GREEK LIFE: KAPPADELTA SORORITYCULTURESarah CrockettMegan HigginbothamLauren Howard
PRESENTATION OUTLINE Greek Life at Virginia Tech Kappa Delta Sorority Overview Kappa Delta Sorority Culture Analysis of Relevant Issues Student Learning and Involvement
PRESENTATION LEARNING OUTCOMES Following this presentation students will be able to: List the different Greek councils within Virginia Tech Fraternity and Sorority Life Identify the relationship of Kappa Delta’s mission statement with that of the Office of Fraternity and Sorority Life and the Division of Student Affairs Articulate aspects of Kappa Delta Culture Identify how membership in Kappa Delta affects student learning and involvement
METHODS Personal Interviews Active Kappa Deltas Inactive Kappa Deltas Kappa Delta Alumni Other active sorority members Other fraternity members Non-Greek students and staff members Greek life staff members Web Research
CULTUREFor the purposes of this presentation, culture is defined as: Social glue based on shared values and beliefs
GREEK LIFE “..coming into school…I was really lost…there was so much to do and so many different things to choose from. I just felt like I didn’t have that solid group of friends like I did in high school. “ -Jen
GREEK LIFE AT VIRGINIA TECH Office of Fraternity & Sorority Life Panhellenic Council (PHC) Interfraternity Council (IFC) National Pan-Hellenic Council (NPHC) United Council for Fraternities and Sororities (UCFS)
PANHELLENIC COUNCIL AT VIRGINIA TECH Governing body of the 12 sororities at Virginia Tech Made up of 13 officers and one delegate from each chapter
GREEK STUDENT POPULATIONAT VIRGINIA TECH Total Undergraduate Female Population = 9,623 Spring 2010 Sorority Population = 1,853 19 % of the female population Source: Office of Fraternity and Sorority Life
CHOOSING GREEK LIFE First-time Involvement Opened doors to other involvement
CHOOSING GREEK LIFE
KAPPA DELTAS AT VIRGINIA TECH
KAPPA DELTA MISSION STATEMENT KappaDelta is a national organization of women committed to a two-fold purpose: to provide a secure, stabilizing environment for personal growth to its collegiate members to provide a lifelong association of friendship and enrichment to its alumnae members. Offers the opportunity to learn leadership and interpersonal skills. Encourages academic achievement.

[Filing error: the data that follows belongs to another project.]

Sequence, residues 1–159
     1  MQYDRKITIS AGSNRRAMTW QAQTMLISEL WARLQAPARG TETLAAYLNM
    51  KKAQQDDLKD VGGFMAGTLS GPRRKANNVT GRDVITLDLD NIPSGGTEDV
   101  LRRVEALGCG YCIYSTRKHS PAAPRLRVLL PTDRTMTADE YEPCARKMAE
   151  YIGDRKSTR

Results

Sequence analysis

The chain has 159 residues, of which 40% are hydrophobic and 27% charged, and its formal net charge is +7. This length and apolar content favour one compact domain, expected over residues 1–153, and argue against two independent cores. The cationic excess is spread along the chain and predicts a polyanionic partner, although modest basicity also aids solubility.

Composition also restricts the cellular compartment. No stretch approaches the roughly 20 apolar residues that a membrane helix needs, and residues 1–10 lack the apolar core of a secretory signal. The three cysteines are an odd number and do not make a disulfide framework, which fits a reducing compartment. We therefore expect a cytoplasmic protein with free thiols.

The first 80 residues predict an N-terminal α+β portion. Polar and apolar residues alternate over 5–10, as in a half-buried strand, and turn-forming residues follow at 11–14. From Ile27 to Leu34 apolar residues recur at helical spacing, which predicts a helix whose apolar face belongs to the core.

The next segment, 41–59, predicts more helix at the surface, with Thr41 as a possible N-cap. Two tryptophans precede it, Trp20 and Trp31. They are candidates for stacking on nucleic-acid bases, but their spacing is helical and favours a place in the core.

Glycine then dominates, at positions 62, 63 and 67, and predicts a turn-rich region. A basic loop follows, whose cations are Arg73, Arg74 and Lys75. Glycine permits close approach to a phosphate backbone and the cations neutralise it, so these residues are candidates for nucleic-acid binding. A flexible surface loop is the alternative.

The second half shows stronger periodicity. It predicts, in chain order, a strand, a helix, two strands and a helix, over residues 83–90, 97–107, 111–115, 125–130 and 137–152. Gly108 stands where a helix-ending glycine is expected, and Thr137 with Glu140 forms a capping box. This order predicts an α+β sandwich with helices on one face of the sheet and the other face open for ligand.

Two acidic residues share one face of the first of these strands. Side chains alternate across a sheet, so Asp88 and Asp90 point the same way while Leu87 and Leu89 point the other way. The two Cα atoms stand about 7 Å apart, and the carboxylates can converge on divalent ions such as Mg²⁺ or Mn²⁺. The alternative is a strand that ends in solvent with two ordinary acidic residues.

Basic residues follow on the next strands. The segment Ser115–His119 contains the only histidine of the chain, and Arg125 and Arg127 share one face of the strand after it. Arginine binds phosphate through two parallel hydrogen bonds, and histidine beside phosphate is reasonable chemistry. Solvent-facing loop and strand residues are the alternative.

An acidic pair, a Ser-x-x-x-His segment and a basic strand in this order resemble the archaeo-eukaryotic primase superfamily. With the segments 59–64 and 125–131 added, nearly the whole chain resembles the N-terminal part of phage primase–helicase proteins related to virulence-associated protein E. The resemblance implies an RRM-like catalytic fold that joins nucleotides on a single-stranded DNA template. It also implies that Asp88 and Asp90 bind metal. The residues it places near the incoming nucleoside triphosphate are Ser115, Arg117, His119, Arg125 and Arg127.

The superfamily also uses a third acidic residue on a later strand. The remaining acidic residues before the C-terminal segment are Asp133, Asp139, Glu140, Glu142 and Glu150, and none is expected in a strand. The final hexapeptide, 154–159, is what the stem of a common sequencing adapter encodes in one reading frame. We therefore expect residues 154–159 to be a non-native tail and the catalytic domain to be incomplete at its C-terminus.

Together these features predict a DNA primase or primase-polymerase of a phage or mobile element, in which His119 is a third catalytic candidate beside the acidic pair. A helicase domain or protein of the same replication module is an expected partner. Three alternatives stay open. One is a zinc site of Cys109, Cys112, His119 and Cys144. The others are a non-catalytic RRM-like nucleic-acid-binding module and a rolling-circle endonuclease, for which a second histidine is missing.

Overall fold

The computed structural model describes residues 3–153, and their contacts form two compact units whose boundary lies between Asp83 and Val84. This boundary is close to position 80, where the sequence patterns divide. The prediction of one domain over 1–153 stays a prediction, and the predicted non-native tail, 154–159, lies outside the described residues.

KAPPA DELTA FAST FACTS Founded in 1897 in Farmville, Virginia Colors: Olive green and pearl white Jewels: Diamond, emerald, and pearl Flower: White rose Symbols: Woodstock (local), Teddy Bear, Dagger, Nautilus Shell Philanthropies: Girl Scouts of the USA, Prevent Child Abuse America, Children’s Hospital Motto: “Let Us Strive for That Which is Honorable, Beautiful, and Highest”
KAPPA DELTA STATISTICS 148 Sisters on campus Academics: GPA New Member Initiation Requirement: 2.6 GPA Active Membership Requirement: 2.6 Spring 2010 Average: 3.375 2ND Highest Panhellenic Chapter Expenses: New Member, First Semester Dues: $560 Fall Semester Dues: $400 Spring Semester Dues: $400 Source: Office of Fraternity and Sorority Life
KAPPA DELTA FROM AN OUTSIDER
WHY DO WOMEN CHOOSE KAPPA DELTA?
KAPPA DELTA CULTURE“I feel like we’re veryrespectable, put-together, politewomen and I really pride myselfon being a part of that.” -Jen
WHAT IS KAPPA DELTA IN ONE WORD?
WHAT IS KAPPA DELTA IN ONE WORD?
KAPPA DELTA HOUSE CULTUREJuniors30-40 chosenHouse activities
KAPPA DELTA HOUSE CULTURE
AFTER GRADUATION Networking through Virginia Tech Networking with nationwide chapters Friendships Resume Builder
ANALYSIS OF RELEVANTISSUES
AREAS OF CONFLICT Access Financial Commitment Recruitment Year House Involvement Years in Sorority Academics GPA Requirement
DIVERSITY WITHIN SORORITY LIFE PHC and NPHC Divide LGBTQ Involvement in Greek Life “PHC may not be for every woman, but it can be for any woman” - Adam Cantley, Assistant Director of Fraternity and Sorority Life
STUDENT LEARNING &INVOLVEMENT
STUDENT LEARNING Personal Incentives Academic Scholarships PHC Awards
STUDENT INVOLVEMENT Philanthropies Greek leadership Other leadership
SOURCES Virginia Tech Office of Fraternity and Sorority Life “The Invisible Tapestry: Culture in American Collges and Universities,” by George D Kuh and Elizabeth J. Whitt Special thanks for personal interviews to: Jayme Shepard, Jen Davis, Jessica Johns, Greer Kelley, Adam Cantley, Rehan Dahwood, Allie Sanders, Amanda Tompkins, Meredith London, Hannah Wilson, Amanda Rogers, and Anne Curtis Saunders